Skip to content

Paul Cravath

Paul Cravath was a highly inspirational and talented drama professor at Leeward Community College for 36 years before retiring in 2011. His innovative curriculum, disciplined approach to acting, and ability to hone talent served his students well as many went on to have successful careers in the entertainment industry. He was also committed to providing his students with life skills that would prove valuable in their careers and personal lives.

Cravath passed away on December 23, 2020, at his home in Silver City, New Mexico, at the age of 76.

Paul Cravath

His development of the Hawaiian style theatre course inspired students to research locally sourced materials and collaborate on scripts to be performed either on the main stage or in the lab theatre. Cravath selected themes relating to the geographic region surrounding Leeward CC, including culturally relevant issues and regional mythological origin stories.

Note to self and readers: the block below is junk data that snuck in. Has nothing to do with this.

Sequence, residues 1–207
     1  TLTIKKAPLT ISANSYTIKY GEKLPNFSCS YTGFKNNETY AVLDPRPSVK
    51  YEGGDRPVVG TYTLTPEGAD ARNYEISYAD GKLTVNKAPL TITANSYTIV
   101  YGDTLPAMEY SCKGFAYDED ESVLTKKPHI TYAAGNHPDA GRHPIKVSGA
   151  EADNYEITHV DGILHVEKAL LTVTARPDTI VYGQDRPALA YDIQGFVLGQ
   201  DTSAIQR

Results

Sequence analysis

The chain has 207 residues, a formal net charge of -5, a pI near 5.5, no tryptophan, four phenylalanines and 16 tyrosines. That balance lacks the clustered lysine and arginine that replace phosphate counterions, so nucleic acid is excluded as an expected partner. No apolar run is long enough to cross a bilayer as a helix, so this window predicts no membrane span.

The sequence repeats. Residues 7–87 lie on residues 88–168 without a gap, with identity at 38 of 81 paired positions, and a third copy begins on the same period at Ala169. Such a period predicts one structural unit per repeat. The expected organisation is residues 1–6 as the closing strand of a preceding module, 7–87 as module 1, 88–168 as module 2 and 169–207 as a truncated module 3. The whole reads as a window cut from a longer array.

Former Windward CC Chancellor Doug Dykstra, Cravath’s colleague for many years, recalled an instance where the Hawaiian Style Theatre made an impact on students, parents and teachers from Pearl City High School (PCHS).

“Our collaboration with the PCHS Humanities Learning Center, through a grant from the Hawaiʻi Council for the Humanities (HCH), allowed the PCHS teachers and students to gather a collection of oral history documents preserving the history of Pearl City’s pre-World War II community,” Dykstra said. “These transcripts were interpreted in the HCH publication entitled “Moʻolelo o Manana” by Sheila Nonaka Ellis. Paul’s students used this publication, and the original transcripts, as source material for their highly successful staging of For ʻEwa at the Leeward Theatre. Students, parents and teachers from PCHS were thrilled by this stage play that resonated in such a meaningful way.”

For ʻEwa was just one example of Cravath’s masterful staging. His innovative and creative approach to his craft was reinforced by his intensity in bringing out the best from his student thespians.

By Tad Saiki

Back To Top